Through interviews with Lopez’s entourage and incredible archive footage, Crump documents the duo’s creative process and intense appetite for the nightlife: from wild parties at Max’s Kansas City in Manhattan to crazier nights at the Club. 7 in Paris; from a trip to Saint-Tropez with Karl Lagerfeld to a shoot in Jamaica with Norman Parkinson and Jerry Hall; from the set of an Andy Warhol film shot in the Rive Gauche apartment in Lagerfeld to the home of legendary designer Charles James at the Chelsea Hotel in New York. (Jessica Lange memorably describes entering “Charles’s weird little studio with this obese beagle called Sputnik who lived in the bathroom.”)
His entourage, by the way, is an incredibly impressive collection of big names in the industry on both sides of the Atlantic: magazine publishers (Vogueby Joan Juliet Buck, Maintenanceby Bob Colacello), legendary models (Jane Forth, Donna Jordan, Pat Cleveland), living icons (Karl Lagerfeld, Jerry Hall, Grace Jones) and the touching Bill Cunningham – the end New York Times photographer and one of Lopez’s closest friends – who gave his last interview before passing away in 2016. (The film is precisely dedicated to Cunningham.)
Enhanced by a soundtrack close to the perfection of the 70s dance floors (Donna Summer, Chic, Marvin Gaye) and subtle visual effects by Andre Purwo that alternate between Lopez’s designs and breathtaking images from Decadent lifestyle, Crump’s film delivers its 1970s glory message – sex, fashion and disco – without ever feeling free.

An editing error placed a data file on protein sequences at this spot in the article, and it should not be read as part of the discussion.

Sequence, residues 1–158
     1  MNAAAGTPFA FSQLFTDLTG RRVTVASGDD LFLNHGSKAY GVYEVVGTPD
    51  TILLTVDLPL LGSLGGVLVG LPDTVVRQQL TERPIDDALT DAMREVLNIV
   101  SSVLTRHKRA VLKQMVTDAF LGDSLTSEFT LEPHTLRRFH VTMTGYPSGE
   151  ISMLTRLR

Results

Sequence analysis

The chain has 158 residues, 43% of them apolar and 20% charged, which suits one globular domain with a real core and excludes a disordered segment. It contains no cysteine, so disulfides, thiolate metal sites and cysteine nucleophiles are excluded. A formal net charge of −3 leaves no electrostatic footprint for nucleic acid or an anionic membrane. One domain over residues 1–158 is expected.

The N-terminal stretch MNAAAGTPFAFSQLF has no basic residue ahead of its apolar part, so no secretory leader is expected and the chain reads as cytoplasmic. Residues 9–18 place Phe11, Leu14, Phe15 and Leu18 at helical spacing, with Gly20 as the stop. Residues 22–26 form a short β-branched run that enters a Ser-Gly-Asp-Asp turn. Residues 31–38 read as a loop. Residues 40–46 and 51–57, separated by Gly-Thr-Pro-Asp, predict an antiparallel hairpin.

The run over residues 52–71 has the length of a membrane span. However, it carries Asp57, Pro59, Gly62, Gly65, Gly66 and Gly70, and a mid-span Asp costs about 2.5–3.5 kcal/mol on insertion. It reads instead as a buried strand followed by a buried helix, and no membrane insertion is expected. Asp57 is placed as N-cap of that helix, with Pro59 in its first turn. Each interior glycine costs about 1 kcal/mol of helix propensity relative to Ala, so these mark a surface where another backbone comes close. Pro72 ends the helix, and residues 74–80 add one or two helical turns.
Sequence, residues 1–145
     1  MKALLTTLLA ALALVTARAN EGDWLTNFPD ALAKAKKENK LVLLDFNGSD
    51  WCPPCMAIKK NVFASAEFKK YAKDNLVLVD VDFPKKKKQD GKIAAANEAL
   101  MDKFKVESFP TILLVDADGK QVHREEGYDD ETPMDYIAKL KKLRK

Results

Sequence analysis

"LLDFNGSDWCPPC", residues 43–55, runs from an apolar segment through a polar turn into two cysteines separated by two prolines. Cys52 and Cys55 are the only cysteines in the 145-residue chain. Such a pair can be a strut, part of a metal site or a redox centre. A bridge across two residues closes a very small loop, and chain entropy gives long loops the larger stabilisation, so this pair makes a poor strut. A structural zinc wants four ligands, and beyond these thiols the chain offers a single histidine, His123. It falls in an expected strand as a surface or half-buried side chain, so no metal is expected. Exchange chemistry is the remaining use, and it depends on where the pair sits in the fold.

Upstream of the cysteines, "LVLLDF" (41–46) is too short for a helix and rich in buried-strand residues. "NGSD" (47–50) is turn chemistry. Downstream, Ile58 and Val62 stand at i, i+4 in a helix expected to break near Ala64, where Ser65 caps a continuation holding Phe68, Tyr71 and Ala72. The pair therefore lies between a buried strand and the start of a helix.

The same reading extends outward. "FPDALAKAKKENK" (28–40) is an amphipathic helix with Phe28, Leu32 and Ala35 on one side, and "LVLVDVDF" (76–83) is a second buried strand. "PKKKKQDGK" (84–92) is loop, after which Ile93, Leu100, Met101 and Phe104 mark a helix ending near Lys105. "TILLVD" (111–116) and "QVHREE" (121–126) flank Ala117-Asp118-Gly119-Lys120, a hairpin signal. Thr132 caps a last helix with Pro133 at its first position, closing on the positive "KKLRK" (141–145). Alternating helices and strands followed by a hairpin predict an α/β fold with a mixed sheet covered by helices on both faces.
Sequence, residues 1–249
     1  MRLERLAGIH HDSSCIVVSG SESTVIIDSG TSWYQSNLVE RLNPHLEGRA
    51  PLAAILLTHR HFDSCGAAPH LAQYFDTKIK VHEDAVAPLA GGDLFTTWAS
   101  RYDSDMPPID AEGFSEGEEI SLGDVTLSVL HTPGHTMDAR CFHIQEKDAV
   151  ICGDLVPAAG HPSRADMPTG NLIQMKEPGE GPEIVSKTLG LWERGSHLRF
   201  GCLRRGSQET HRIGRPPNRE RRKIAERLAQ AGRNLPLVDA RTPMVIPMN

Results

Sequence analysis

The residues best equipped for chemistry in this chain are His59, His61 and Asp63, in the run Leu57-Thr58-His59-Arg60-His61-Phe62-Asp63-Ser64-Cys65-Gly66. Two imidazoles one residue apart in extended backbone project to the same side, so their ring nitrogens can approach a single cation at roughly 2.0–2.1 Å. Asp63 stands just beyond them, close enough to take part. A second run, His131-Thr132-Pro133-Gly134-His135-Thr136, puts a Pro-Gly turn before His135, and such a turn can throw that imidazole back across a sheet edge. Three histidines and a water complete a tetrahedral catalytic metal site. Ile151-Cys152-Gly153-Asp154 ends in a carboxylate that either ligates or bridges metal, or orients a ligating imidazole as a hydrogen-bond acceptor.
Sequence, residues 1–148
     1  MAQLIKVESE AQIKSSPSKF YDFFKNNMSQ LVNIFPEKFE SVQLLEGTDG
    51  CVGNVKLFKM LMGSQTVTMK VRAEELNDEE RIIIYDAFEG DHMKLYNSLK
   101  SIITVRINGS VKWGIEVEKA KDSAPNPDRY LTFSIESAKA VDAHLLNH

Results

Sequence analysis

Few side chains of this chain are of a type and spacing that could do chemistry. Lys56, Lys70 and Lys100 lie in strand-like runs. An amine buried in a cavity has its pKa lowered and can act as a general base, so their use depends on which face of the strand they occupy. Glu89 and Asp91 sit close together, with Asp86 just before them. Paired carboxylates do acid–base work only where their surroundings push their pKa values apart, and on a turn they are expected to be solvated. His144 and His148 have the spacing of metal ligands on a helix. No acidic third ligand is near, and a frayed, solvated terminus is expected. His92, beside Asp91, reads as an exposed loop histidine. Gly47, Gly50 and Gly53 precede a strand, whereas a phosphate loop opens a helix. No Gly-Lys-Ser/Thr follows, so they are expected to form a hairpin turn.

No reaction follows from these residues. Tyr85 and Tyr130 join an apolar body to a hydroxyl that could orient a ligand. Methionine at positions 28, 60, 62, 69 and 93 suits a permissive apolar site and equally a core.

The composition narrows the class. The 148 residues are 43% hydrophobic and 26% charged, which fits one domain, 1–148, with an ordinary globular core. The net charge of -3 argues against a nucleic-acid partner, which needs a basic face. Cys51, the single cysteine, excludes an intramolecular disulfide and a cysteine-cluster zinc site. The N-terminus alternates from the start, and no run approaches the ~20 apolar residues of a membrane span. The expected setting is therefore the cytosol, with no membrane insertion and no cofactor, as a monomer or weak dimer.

Lopez was also a champion of diversity and inclusion, and the film highlights how unique this was to the high fashion world at the time. While the American public was just beginning to discover the new phenomenon of the top model and panicked over the sweet perfection of the all-American girl (formalized by a Time magazine which featured Cheryl Tiegs on her cover), Lopez challenged stereotypical model poses and celebrated non-traditional beauty with her models: the toothy smile of Donna Jordan, the shaved eyebrows of Jane Forth, the extreme haircuts of Grace Jones. . Over time, he developed a following among a group of models, who became known as âFilles d’Antonioâ (a somewhat patronizing term popularized in an essay by Jean-Paul Goude that appeared in an issue of 1973 from Squire).
“Race, ethnicity, sexuality have become the main foundations of their art, as opposed to fashion, which has always been how everyone perceives the work of Juan and Antonio”, explains artist Paul Caranicas in the movie. Caranicas was Ramos’ partner from 1971 until his death in 1995, and he is the executor of the estate of Antonio Lopez and Juan Ramos.
When Lopez died of complications from AIDS in 1987, a New York Times the obituary describes him as a “great fashion illustrator [whose] the ever-flamboyant style has influenced the work of many other fashion illustrators since the 1960s. But Lopez was more than that. His multicultural and glamorous vision makes him a unique artist in the world of haute couture. Her life was too short and Crump wants the world to remember that. As he told me: “[Lopezâs] oldest contemporary [Andy Warhol] successfully transitioned from illustrator to studio artist. I think Antonio could have done it [at that] if he had lived longer.